It's only natural that Phineas wants nothing to do with Jeffrey from the beginning. He makes no bones about his feelings throughout the Pilot episode. He is in a massive hurry to get Jeffrey back, but alas, his omni can only go up to 1970 and it is somehow stuck in the automatic mode. So we get a plethora of loving one liners from Phineas...

"I gotta get you back! What year?"
"Nice to know ya, kid, but I work alone!"
"You little toad! Don't you ever touch this omni again!" 


Jeffrey doesn't take any of Phineas' guff, and Jeffrey gives it to him good, after Phineas rattles on that he's going to lose his job because of him.

"Who do you think you are? You knock me out a window, you bring me here, wherever I am, you deserve to lose your lousy job!"

Jeffrey can be one tough kid, as is evident in 'The day the Rebs took Lincoln.' He's all ready to rumble with a street urchin whose wise mouthing him.

In a beautifully shot and acted scene on the beach during the Pilot episode, Phineas and Jeffrey have their first real blowout. The scenery is breathtaking, the clouds are gorgeous and heavy against the ocean and sets up the mood perfectly. Phineas is very angry that Jeffrey made him leave Mary Murphy in the midst of World War I, and that he interrupted his little romantic moment with her. Not to mention that Jeffrey told Mary that he's Phineas' son and that Phineas is a widower. The Voyager is just furious at his situation and ranting aloud...again. At this point, all he cares about his reputation, the one I like to call, 'Playboy of the ages.'

Jeffrey, looking too adorable for words in Phineas' hat... berates him publicly, telling him to,

"Can it! You're stuck with me until you put me back in my room where you found me! Besides, you don't know anything about history, you messed the whole thing up!"
Phineas is at his wits end and feels very dumb and foolish that he couldn't figure out the cause of the red light in 1914...he then says something that pierces Jeffrey's heart after Jeffrey tells him his father's dead.
"If he's anything like me, you probably did him in too!"

WRONG THING TO SAY!
Jeffrey tosses that hat and runs away in tears. Phineas literally has to wrestle him to the sand and hug him close to calm him down. Up until now, Phineas didn't think about how this whole cosmic trip has affected Jeffrey. Like mean aunt Elizabeth and uncle Tom, he was being self-centered.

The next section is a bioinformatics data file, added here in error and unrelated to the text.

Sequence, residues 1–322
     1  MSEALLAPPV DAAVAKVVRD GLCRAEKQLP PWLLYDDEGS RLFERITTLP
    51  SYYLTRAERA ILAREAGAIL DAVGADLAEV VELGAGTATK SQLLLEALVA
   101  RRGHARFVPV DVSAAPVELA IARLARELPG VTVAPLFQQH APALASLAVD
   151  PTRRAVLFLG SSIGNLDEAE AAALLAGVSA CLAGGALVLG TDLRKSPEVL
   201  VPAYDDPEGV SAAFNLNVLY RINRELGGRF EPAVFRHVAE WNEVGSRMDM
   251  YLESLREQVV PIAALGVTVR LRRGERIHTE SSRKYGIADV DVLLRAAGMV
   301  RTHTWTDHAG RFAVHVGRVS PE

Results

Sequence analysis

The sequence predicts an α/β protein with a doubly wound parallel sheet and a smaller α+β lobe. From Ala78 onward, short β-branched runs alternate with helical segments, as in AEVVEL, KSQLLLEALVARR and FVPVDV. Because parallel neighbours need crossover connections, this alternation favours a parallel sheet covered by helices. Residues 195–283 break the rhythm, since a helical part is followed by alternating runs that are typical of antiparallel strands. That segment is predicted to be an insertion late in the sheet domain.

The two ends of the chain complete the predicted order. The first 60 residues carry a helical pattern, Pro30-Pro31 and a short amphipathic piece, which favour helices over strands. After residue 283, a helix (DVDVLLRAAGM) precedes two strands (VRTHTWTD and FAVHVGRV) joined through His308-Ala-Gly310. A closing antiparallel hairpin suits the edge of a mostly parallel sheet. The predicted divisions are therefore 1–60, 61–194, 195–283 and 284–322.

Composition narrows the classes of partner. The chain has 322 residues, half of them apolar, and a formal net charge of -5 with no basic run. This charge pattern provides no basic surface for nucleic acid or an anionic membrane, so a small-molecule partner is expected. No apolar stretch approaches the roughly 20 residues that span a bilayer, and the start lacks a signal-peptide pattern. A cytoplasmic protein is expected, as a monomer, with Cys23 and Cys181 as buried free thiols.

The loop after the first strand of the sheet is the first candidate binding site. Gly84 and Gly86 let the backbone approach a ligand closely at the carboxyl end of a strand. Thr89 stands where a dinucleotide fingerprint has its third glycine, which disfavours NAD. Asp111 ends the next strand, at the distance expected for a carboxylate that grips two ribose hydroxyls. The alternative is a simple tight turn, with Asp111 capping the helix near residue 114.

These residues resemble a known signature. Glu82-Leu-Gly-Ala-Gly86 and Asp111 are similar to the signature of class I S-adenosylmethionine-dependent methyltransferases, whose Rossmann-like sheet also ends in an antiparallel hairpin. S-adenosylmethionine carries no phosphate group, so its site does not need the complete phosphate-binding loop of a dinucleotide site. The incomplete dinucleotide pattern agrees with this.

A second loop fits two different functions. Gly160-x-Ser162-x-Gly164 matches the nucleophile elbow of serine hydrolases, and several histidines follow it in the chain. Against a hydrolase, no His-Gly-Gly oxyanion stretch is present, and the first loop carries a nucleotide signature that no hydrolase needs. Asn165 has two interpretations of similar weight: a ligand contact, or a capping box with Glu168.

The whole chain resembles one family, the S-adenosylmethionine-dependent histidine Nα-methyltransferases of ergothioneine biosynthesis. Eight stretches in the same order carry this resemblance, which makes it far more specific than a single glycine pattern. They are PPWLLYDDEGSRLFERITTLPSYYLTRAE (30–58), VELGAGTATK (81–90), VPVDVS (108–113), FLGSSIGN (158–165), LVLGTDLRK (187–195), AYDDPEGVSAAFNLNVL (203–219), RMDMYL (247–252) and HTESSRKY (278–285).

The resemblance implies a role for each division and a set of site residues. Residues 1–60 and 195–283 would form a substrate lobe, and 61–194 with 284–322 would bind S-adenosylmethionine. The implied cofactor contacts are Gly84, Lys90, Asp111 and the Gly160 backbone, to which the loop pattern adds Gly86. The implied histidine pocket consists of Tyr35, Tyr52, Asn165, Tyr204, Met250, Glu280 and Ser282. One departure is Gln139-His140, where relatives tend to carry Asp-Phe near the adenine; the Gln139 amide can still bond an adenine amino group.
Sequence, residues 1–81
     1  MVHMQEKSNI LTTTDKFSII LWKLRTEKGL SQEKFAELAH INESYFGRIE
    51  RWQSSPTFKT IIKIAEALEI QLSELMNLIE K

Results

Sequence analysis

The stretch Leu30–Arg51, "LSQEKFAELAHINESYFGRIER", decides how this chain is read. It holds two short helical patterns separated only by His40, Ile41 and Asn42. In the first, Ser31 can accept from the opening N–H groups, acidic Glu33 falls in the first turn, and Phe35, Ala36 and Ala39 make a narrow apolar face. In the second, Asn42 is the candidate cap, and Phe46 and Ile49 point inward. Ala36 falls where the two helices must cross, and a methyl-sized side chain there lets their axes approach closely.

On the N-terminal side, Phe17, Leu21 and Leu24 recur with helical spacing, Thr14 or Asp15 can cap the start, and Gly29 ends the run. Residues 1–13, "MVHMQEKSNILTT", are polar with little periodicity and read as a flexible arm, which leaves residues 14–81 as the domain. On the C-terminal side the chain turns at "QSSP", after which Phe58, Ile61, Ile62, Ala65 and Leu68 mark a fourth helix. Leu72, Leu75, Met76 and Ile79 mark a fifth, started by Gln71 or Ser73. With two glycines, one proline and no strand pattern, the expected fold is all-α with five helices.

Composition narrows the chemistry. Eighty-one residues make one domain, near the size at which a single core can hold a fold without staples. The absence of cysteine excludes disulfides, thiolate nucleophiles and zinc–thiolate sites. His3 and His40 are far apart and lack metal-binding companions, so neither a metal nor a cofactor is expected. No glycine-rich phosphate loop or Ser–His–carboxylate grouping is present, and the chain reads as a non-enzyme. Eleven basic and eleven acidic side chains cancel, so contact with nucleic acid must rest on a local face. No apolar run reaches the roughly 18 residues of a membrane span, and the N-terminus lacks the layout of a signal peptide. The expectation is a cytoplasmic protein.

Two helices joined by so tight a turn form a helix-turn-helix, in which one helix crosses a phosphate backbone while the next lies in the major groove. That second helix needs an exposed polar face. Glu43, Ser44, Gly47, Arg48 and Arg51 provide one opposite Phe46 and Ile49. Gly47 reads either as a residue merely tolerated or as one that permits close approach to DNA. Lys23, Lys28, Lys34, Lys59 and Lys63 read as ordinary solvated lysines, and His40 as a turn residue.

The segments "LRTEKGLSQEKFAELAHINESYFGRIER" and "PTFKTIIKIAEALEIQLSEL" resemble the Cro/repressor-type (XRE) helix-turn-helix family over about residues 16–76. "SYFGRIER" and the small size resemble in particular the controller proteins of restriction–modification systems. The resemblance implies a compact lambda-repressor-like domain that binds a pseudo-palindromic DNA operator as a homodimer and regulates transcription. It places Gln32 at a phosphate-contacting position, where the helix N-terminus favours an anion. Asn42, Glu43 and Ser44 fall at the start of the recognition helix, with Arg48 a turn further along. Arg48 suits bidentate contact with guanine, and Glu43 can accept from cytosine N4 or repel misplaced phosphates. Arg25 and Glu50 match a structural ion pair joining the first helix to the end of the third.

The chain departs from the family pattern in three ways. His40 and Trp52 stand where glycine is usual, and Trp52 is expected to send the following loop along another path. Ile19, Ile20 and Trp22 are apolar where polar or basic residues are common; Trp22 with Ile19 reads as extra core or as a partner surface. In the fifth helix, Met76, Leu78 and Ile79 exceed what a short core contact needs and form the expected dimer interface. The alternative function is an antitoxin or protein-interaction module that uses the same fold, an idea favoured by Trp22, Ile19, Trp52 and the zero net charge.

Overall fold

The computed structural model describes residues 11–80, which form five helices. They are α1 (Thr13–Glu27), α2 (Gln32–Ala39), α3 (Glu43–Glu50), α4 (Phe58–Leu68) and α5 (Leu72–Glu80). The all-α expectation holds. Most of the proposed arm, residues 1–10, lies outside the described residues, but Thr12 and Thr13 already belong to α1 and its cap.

Phineas sincerely apologizes for his mean remark and in the next scene the two are sitting on the rocks having a long heart to heart...something Jeffrey probably had not done with anyone since his dad died.

 Jeffrey's story about trying to save his parents in the burning camper is so sad, you want to burst into tears with him. Beware the syndicated version, which cuts out how there was a fire and he couldn't get them out! I compared and was shocked at how much syndication actually cuts from every TV show.

 At that moment, Phineas comes to understand Jeffrey's vulnerability and deep guilt over his parent's death.  He seems at a loss for words as he thoughtfully ponders the story. He gently removes his coat and places it over Jeffrey.

"Don't blame yourself, kid. Just get some rest."

From that moment on, Phineas handles Jeffrey's bouts of tears and frustration with patience and tenderness, always remembering that,  

"You're still a kid....a pretty good kid."

Phineas doesn't treat the boy like an infant or coddle him.  An arm around the shoulder, and his quick wit is enough to bring Jeffrey back to his senses and carry on with their important assignments. Don't take it from me, watch some of the crying scenes in 'Bully and Bully,' 'Agents of Satan,' and 'Cleo and the Babe' to see what I'm talking about. Meeno certainly knew how to pull our heartstrings and cry at the drop of a hat...which some critics would say he did too often.  I say then, that they don't understand the emotions of children.

Jeffrey Jones was a child who lost everything he had in the world and became displaced from the last bit of comfort he knew. He was a stranger in strange lands and first and foremost...he was still a kid.
You can literally see Jeffrey grow up before your eyes in the series. His experiences are unlike anything a child would or should ever have to face. Jeffrey proves his deep intelligence and value as a true Voyager in 'World's Apart.' He is literally forced into another time zone without Phineas. Through his boyish enthusiasm and quick thinking, he helps the invention of the electric light bulb come to pass.

Jeffrey comes to the rescue again in 'Cleo and the babe' when he teaches Phineas how to pitch 1982 style and Babe Ruth 'The sultan of swat' himself, how to hit 1982 style. He had a chance to use the general knowledge only kid would consider in that situation. There is the daring rescue attempt of Harriet Tubman in 'Created Equal' which gave Phineas cause to both scold and praise him for acting like a "Real Voyager."